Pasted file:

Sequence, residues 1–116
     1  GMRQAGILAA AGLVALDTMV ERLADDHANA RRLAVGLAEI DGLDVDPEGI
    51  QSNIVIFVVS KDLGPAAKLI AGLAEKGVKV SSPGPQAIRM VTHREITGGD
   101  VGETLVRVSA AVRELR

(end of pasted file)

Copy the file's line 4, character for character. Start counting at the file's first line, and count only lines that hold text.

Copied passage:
   101  VGETLVRVSA AVRELR